I’m a purist. I love the snapshot, the image captured in a fraction of a second that tells an enduring story. I’m that weirdo who never minded when my friends’ moms showed me photo albums of trips I hadn’t taken and people I didn’t know, because I did know them.
I have been to the Grand Canyon several times in my imagination, though still not in real life. I know Aunt Maude and Crazy Grandma Loraine like I know my own relatives. I’ve written narratives for them in my head.
A faded picture of three people in lawn chairs with horn-rimmed glasses in the nineteen-fifties is fascinating to me whether or not I know them. My mind creates their story.
Even more fun for me is to capture a story playing out before me. Showing a family in their element, and bride on her wedding day, or a baby just learning to sit up- these are all things that are magical to me.
I’ve used my magic wand (alright, fine it’s just a camera) and frozen them in time. That dress, those smiles, that bit of drool from a teething baby- they’re all stories summed up in one shot. Okay, let’s be real. This is me I’m talking about, so it’s not just one shot, but a series of shots because I can’t seem to help myself. Digital, not having to pay for film, has created a carefree monster in me (until I hit the end of the memory card and then curse my earlier cavalier attitude). I have an itchy trigger finger. In other words, I have a problem of the “clickety-click” sort.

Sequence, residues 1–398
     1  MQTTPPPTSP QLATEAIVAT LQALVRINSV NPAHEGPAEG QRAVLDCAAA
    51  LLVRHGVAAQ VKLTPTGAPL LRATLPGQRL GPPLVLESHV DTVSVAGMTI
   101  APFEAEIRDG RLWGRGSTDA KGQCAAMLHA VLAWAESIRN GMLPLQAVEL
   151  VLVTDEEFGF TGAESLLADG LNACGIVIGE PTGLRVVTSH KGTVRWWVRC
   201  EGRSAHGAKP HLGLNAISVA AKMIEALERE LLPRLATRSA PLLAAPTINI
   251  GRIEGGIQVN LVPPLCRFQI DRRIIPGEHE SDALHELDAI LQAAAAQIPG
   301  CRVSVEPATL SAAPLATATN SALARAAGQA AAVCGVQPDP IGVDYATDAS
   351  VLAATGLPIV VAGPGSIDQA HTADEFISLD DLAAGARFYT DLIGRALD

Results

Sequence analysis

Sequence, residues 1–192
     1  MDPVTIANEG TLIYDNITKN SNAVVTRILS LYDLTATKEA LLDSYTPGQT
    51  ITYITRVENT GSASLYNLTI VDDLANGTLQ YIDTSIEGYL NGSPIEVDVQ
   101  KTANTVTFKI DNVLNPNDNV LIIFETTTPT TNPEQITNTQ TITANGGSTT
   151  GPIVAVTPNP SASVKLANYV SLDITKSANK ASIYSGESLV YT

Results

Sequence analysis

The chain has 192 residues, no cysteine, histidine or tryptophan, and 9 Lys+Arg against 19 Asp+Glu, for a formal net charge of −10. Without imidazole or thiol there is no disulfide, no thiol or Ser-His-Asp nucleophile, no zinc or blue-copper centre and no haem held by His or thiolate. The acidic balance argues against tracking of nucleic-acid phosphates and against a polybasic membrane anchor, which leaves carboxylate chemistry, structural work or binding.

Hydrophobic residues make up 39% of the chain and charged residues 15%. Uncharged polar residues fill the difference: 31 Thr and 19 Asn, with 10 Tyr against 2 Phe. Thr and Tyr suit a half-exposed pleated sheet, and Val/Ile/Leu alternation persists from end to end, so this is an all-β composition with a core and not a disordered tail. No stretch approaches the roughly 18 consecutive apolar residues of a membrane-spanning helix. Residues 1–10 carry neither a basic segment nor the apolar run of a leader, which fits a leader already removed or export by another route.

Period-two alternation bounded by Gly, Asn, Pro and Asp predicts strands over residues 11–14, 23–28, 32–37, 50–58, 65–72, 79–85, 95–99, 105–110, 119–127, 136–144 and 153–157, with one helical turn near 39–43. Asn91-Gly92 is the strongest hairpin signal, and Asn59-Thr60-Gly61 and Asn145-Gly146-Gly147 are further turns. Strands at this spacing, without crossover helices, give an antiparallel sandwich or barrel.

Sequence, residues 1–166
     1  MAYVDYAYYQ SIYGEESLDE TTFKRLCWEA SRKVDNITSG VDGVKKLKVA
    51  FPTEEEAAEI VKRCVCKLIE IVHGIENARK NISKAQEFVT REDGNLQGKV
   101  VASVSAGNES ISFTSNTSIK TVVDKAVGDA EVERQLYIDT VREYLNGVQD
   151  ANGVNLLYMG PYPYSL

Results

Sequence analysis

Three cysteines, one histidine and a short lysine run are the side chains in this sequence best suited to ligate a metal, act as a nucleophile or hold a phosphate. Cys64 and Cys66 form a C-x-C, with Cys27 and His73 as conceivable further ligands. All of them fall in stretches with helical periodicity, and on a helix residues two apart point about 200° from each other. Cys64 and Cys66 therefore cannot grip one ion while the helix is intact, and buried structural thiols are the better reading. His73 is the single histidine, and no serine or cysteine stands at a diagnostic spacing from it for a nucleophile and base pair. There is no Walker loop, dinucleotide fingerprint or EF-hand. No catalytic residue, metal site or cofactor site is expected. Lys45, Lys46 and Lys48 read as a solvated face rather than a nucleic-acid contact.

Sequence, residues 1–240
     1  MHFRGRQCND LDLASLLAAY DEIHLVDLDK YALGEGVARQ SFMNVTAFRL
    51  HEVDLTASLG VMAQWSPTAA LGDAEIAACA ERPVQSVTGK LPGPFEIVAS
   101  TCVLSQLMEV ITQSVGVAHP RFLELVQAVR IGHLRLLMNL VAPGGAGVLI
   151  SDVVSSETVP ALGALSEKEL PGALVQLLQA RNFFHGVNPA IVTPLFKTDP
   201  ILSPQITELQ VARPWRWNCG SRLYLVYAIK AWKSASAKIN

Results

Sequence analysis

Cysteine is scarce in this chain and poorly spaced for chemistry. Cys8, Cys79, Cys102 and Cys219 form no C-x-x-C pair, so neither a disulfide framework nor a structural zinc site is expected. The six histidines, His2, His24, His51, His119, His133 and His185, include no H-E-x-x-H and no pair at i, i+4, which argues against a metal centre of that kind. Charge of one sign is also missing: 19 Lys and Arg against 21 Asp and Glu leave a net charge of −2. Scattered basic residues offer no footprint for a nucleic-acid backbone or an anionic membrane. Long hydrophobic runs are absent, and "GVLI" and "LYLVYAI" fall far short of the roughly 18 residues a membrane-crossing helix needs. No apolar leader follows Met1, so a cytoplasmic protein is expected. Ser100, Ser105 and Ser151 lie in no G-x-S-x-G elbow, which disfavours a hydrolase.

I know some professional photographers are of the opinion that you should only need one shot if you know what you’re doing and pose the couple just right in perfect lighting. True. True true true true true true- right right right right riiiiiight… However, I seriously cannot help myself. Sometimes I like the expression that comes just after the first click, or as the couple is laughing when they break the pose. –Forget the excuses, it’s just a personality defect.
Wow. Enough about that. I sort of sunk right in to photography and couldn’t get myself out. Asking me about photography is sort of like asking a junior high girl about the guy she likes. No. End. In. Sight.